output_words = evaluate(encoder, decoder, searcher, voc, input_sentence)
    output_words[:] = [x for x in output_words if not (x == 'EOS' or x == 'PAD')]
    print('Bot:', ' '.join(output_words))


######################################################################
# Load Pretrained Parameters
# --------------------------
#
# Ok, its time to load our model!
#
# Use hosted model
# ~~~~~~~~~~~~~~~~
#
# To load the hosted model:
#
# 1) Download the model `here <https://download.pytorch.org/models/tutorials/4000_checkpoint.tar>`__.
#
# 2) Set the ``loadFilename`` variable to the path to the downloaded
#    checkpoint file.
#
# 3) Leave the ``checkpoint = torch.load(loadFilename)`` line uncommented,
#    as the hosted model was trained on CPU.
#
# Use your own model
# ~~~~~~~~~~~~~~~~~~
#
# To load your own pre-trained model:
#
# 1) Set the ``loadFilename`` variable to the path to the checkpoint file
#    that you wish to load. Note that if you followed the convention for
#    saving the model from the chatbot tutorial, this may involve changing
#    the ``model_name``, ``encoder_n_layers``, ``decoder_n_layers``,
#    ``hidden_size``, and ``checkpoint_iter`` (as these values are used in
#    the model path).
#
# 2) If you trained the model on a CPU, make sure that you are opening the
#    checkpoint with the ``checkpoint = torch.load(loadFilename)`` line.
#    If you trained the model on a GPU and are running this tutorial on a
#    CPU, uncomment the
#    ``checkpoint = torch.load(loadFilename, map_location=torch.device('cpu'))``
#    line.
#
# Hybrid Frontend Notes:
# ~~~~~~~~~~~~~~~~~~~~~~
#
# Notice that we initialize and load parameters into our encoder and
# decoder models as usual. Also, we must call ``.to(device)`` to set the
# device options of the models and ``.eval()`` to set the dropout layers
# to test mode **before** we trace the models. ``TracedModule`` objects do
# not inherit the ``to`` or ``eval`` methods.
#

save_dir = os.path.join("data", "save")
corpus_name = "cornell movie-dialogs corpus"

# Configure models
model_name = 'cb_model'
attn_model = 'dot'
#attn_model = 'general'
#attn_model = 'concat'
hidden_size = 500
encoder_n_layers = 2
decoder_n_layers = 2
dropout = 0.1
batch_size = 64

# If you're loading your own model
# Set checkpoint to load from
checkpoint_iter = 4000
# loadFilename = os.path.join(save_dir, model_name, corpus_name,
#                             '{}-{}_{}'.format(encoder_n_layers, decoder_n_layers, hidden_size),
#                             '{}_checkpoint.tar'.format(checkpoint_iter))

# If you're loading the hosted model
loadFilename = '4000_checkpoint.tar'

# Load model
# Force CPU device options (to match tensors in this tutorial)
checkpoint = torch.load(loadFilename, map_location=torch.device('cpu'))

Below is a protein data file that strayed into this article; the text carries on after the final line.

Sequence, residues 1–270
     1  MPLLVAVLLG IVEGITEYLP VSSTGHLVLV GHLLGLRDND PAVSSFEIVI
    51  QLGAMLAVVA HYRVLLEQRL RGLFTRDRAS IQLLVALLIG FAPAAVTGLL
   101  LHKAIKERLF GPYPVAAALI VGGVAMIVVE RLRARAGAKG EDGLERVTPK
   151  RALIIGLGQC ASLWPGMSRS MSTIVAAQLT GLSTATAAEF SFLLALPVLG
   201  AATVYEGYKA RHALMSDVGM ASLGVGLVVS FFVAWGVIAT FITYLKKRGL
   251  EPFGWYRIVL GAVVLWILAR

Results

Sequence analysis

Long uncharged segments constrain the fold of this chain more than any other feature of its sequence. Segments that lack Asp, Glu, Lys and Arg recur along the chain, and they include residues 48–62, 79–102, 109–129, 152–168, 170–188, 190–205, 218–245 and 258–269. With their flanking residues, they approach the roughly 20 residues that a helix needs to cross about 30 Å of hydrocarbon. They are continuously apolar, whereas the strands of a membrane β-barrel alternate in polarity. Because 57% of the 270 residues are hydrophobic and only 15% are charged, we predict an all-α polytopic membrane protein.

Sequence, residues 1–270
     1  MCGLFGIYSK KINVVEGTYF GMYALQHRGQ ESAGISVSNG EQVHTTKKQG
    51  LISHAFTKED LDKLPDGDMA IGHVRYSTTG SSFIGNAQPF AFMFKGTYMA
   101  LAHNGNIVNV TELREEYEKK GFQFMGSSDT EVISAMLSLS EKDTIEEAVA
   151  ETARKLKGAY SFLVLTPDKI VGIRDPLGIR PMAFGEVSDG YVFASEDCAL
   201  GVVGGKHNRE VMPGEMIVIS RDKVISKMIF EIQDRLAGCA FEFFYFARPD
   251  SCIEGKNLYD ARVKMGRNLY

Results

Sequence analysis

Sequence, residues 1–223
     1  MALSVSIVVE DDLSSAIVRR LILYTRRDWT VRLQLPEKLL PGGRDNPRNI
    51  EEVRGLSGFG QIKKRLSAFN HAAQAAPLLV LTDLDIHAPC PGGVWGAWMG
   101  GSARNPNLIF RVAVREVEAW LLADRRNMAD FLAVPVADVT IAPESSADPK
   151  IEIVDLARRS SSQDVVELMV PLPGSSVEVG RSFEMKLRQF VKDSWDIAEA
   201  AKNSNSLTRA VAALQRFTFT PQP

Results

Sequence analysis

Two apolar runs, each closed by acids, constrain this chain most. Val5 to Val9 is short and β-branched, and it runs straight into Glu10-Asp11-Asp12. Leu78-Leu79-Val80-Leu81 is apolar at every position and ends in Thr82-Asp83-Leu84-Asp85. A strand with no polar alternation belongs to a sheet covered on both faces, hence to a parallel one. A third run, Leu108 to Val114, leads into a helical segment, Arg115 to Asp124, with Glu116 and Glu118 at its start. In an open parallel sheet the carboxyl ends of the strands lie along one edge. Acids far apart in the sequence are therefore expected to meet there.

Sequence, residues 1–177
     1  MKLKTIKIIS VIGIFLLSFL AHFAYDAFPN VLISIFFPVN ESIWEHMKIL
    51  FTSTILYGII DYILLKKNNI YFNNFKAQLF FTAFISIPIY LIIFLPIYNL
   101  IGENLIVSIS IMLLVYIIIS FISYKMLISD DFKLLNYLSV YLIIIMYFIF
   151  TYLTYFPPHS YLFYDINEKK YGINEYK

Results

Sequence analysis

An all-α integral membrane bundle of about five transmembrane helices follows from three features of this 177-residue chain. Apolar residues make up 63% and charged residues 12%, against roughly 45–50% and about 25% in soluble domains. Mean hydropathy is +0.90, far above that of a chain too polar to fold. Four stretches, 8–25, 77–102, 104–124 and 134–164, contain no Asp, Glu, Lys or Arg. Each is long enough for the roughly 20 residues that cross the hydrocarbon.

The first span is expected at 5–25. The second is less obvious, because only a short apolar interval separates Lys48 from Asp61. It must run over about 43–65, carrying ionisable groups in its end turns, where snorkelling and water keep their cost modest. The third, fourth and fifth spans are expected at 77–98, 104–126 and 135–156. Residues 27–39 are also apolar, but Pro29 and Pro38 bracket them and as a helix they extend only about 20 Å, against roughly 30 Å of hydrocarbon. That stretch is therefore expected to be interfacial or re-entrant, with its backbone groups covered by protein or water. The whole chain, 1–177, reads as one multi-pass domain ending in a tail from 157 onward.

encoder_sd = checkpoint['en']
decoder_sd = checkpoint['de']
encoder_optimizer_sd = checkpoint['en_opt']
decoder_optimizer_sd = checkpoint['de_opt']
embedding_sd = checkpoint['embedding']
voc = Voc(corpus_name)
voc.__dict__ = checkpoint['voc_dict']


print('Building encoder and decoder ...')
# Initialize word embeddings
embedding = nn.Embedding(voc.num_words, hidden_size)
embedding.load_state_dict(embedding_sd)
# Initialize encoder & decoder models
encoder = EncoderRNN(hidden_size, embedding, encoder_n_layers, dropout)
decoder = LuongAttnDecoderRNN(attn_model, embedding, hidden_size, voc.num_words, decoder_n_layers, dropout)
# Load trained model params
encoder.load_state_dict(encoder_sd)
decoder.load_state_dict(decoder_sd)
# Use appropriate device
encoder = encoder.to(device)
decoder = decoder.to(device)
# Set dropout layers to eval mode
encoder.eval()
decoder.eval()
print('Models built and ready to go!')


######################################################################
# Convert Model to Torch Script
# -----------------------------
#
# Encoder
# ~~~~~~~
#
# As previously mentioned, to convert the encoder model to Torch Script,
# we use **tracing**. Tracing any module requires running an example input
# through the model’s ``forward`` method and trace the computational graph
# that the data encounters. The encoder model takes an input sequence and
# a corresponding lengths tensor. Therefore, we create an example input
# sequence tensor ``test_seq``, which is of appropriate size (MAX_LENGTH,
# 1), contains numbers in the appropriate range
# :math:`[0, voc.num\_words)`, and is of the appropriate type (int64). We
# also create a ``test_seq_length`` scalar which realistically contains
# the value corresponding to how many words are in the ``test_seq``. The
# next step is to use the ``torch.jit.trace`` function to trace the model.
# Notice that the first argument we pass is the module that we want to
# trace, and the second is a tuple of arguments to the module’s
# ``forward`` method.
#
# Decoder
# ~~~~~~~
#
# We perform the same process for tracing the decoder as we did for the
# encoder. Notice that we call forward on a set of random inputs to the